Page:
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Dutch hand-guns

Introduction

In the 1890's all armies in Europe were modifying their standard infantry weapons. In Germany the Mauser rifle, in the UK the Enfield rifle and in France the Lebel. The Dutch selected the Steyr rifle.

At 4 December 1895 the Dutch army selected the new standard rifle for its army: the Mannlicher-Steyr M.95 based on the Mannlicher bolt-action system.

Technical description

The new selected Steyr rifle was state of the art in 1895. It was a fast bolt-action rifle with calibre 8 mm. The Dutch selected the lighter 6,5 mm full metal cartridge and calibre. Compared to the previous standard rifle - the Beaumont with calibre 11 mm - it was quite a change. The rifle - and related carabines - served as the standard rifle for the Dutch army in The Netherlands, the NEI and other colonies as well as for the Royal Dutch Navy until after WWII. The weapon was designated as the rifle [or carabine] M.95.

The new rifle was a product of its time. It had a calibre 6,5 mm, a barrel length of 0,79 metre and an overall length of 1,28 metre. The unloaded weapon weighted 4,2 kg, which was quite acceptable. The adjustable vizier could be set in a range from 400 metre up to and including 2,000 metre, in steps of 100 metre. The gun itself was made out of a wooden butt and stock and a nickel-steel barrel and mechanical parts.

The bolt-action was the feature that was typical for the rifle-revolution in the late 1890's and early 1900's. Previously rifles had been single projectile loaded weapons or troublesome preliminary designs preceding the bolt-action designs of the 1890's. Also the introduction of cartridge ammunitions had contributed to this late 19 century rifle revolution. Both features combined led to the introduction of the modern bolt-action rifles with (usually) five round magazines.

The ammunition used by the M.95 was quite new. The size- and type specification was 6.5 x 53.5 R. The first represented the calibre, the second the length of the cartridge casing [indicating the powder content of the cartridge]. The added R stands for rim. Rimmed ammunition had a rim at the flange of the cartridge that had a larger diameter than the cartridge itself. The rim was applied for the extraction procedure; the extractor made use of the rim to empty the casing after the shot had been fired.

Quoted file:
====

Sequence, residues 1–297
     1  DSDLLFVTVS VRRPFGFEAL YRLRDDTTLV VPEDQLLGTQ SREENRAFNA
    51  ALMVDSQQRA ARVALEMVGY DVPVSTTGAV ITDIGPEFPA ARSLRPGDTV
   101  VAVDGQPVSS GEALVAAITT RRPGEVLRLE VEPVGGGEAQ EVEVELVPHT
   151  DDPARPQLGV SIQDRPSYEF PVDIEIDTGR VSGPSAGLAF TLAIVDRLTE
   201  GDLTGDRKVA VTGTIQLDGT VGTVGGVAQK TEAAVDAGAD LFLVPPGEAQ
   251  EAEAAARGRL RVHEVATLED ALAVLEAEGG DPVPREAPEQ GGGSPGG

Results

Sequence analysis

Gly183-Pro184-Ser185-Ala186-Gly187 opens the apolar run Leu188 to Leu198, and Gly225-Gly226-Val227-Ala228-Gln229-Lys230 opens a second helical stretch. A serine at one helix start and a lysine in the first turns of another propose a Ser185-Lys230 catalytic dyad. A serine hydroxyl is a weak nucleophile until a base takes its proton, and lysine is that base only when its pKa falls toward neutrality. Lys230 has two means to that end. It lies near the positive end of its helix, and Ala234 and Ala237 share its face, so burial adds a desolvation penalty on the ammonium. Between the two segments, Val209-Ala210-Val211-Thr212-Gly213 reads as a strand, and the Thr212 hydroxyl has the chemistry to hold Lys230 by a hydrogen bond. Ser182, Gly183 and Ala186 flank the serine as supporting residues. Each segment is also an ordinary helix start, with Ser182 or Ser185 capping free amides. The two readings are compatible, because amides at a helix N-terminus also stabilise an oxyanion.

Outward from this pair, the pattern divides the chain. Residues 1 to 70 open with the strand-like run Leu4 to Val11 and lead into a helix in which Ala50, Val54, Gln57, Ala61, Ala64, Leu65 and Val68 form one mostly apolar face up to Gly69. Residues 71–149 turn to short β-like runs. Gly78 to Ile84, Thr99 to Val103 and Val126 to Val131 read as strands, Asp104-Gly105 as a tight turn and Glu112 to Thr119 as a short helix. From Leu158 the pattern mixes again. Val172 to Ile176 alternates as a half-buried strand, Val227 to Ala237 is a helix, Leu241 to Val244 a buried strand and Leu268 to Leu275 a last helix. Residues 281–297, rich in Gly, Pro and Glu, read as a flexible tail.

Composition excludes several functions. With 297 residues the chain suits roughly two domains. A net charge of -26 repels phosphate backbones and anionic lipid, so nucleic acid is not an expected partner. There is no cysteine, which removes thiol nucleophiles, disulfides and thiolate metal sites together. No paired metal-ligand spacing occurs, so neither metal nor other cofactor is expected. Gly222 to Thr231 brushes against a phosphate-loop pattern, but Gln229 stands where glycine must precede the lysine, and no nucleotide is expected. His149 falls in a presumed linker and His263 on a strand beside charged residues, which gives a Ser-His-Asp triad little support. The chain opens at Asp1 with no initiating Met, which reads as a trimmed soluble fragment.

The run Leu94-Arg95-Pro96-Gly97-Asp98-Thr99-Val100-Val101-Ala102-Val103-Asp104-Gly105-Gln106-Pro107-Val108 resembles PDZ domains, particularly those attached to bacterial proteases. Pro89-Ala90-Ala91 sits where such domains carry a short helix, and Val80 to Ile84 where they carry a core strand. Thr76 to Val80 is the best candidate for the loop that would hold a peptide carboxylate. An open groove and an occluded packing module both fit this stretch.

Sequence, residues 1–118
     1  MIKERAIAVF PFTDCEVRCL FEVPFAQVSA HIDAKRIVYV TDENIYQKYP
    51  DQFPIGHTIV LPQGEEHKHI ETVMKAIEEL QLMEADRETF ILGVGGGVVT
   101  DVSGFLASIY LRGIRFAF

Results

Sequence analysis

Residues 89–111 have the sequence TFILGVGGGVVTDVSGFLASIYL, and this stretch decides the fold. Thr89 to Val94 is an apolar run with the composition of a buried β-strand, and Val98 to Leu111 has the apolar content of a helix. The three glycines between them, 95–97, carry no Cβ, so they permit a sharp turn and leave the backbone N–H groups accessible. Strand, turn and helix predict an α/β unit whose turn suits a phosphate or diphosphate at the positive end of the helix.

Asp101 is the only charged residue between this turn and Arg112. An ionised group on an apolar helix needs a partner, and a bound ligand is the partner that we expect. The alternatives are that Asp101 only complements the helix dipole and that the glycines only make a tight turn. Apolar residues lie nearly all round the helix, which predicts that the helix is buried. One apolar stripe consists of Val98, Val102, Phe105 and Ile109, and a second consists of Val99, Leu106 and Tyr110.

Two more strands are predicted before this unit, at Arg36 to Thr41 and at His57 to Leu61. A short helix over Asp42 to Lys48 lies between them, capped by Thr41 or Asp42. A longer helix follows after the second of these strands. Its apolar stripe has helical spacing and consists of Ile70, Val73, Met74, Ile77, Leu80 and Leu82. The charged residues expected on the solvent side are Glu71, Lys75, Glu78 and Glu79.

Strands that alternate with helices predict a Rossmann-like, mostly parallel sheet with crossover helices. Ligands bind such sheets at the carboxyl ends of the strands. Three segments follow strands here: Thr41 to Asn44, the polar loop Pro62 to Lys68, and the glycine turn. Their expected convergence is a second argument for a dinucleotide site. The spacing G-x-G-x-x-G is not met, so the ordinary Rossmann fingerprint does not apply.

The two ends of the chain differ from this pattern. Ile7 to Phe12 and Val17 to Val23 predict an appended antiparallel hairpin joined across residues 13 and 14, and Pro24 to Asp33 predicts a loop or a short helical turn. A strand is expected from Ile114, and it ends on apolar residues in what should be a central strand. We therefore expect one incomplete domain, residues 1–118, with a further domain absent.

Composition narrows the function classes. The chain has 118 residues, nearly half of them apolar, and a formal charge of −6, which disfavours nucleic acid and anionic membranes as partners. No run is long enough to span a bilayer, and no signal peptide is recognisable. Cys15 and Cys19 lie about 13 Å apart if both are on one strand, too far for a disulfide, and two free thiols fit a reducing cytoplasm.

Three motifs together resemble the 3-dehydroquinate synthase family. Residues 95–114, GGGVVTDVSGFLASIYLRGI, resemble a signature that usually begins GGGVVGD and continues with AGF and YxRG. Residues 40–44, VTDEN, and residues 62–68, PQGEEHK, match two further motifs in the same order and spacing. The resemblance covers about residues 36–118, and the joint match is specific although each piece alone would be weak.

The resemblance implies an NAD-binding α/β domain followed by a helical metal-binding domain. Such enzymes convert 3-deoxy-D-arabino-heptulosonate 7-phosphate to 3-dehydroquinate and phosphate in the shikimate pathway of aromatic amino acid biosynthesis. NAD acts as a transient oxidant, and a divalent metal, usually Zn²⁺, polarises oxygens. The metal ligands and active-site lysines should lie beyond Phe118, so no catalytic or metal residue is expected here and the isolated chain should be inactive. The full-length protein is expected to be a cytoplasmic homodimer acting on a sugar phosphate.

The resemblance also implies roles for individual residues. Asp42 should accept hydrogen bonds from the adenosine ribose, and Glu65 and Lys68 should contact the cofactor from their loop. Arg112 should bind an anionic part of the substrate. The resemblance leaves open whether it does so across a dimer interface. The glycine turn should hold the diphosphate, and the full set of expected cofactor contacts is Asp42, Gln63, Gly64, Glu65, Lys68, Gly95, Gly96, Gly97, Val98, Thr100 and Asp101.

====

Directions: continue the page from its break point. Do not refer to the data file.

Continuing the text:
The 6.5 x 53.5 R ammunition was used for all Dutch rifles and carabines and the majority of the Lewis M.20 light machineguns. Also the heavy machinegun Schwarzlose - that was introduced in the army in 1908 - was initially executed with a calibre of 6.5 mm, but later reinstated as 7,9 mm weapon.

The projectile itself was an extended full metal jacket, rounded type. It stayed highly homogeneous during flight and impact. These characteristics proved advantageous for the accuracy of the projectile, but disadvantageous for inflicting adequate damage or stopping power upon impact, particularly over short distances. Over these short distances the projectile would have so much energy that it usually left the body (or the object) in the same shape as it entered, as such not transmitting much energy on the target, thus often not immobilizing it. This meant that multiple hits were often required before a target was put out of action. There are quite a number of incidents known, where German wounded had been hit five or more times by rifle bullets and lived to tell, due to the minimum of damage done by the bullets.

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Steyr-Hembrug M.95 bolt-section

The limited effect of the 6,5 mm full metal jacket projectile was subject of investigation in 1910, after reports had been received from the NEI that the impact of the ammunition seemed to be poor. The committee of investigation concluded that a calibre upgrade to 7.92 mm was required and the rounded full metal jacket projectile had to be altered to a pointed full metal jacket. Both changes [calibre and shape] would however not be executed for reasons unknown today. The heavy machineguns that were in service were however all modified to calibre 7.92 mm as off 1925.

The initial orders for the new rifle were all awarded to the Oesterreichische Waffenfabriks Gesellschaft [OWG] in Steyr, Austria. The ammunition was soon produced in Holland after a dedicated production facility had been constructed to produce the new cartridges. As off 1904 the Dutch national defence industry [Artillery Inrichtingen, later also called Hembrug] produced the rifles on a license of OWG.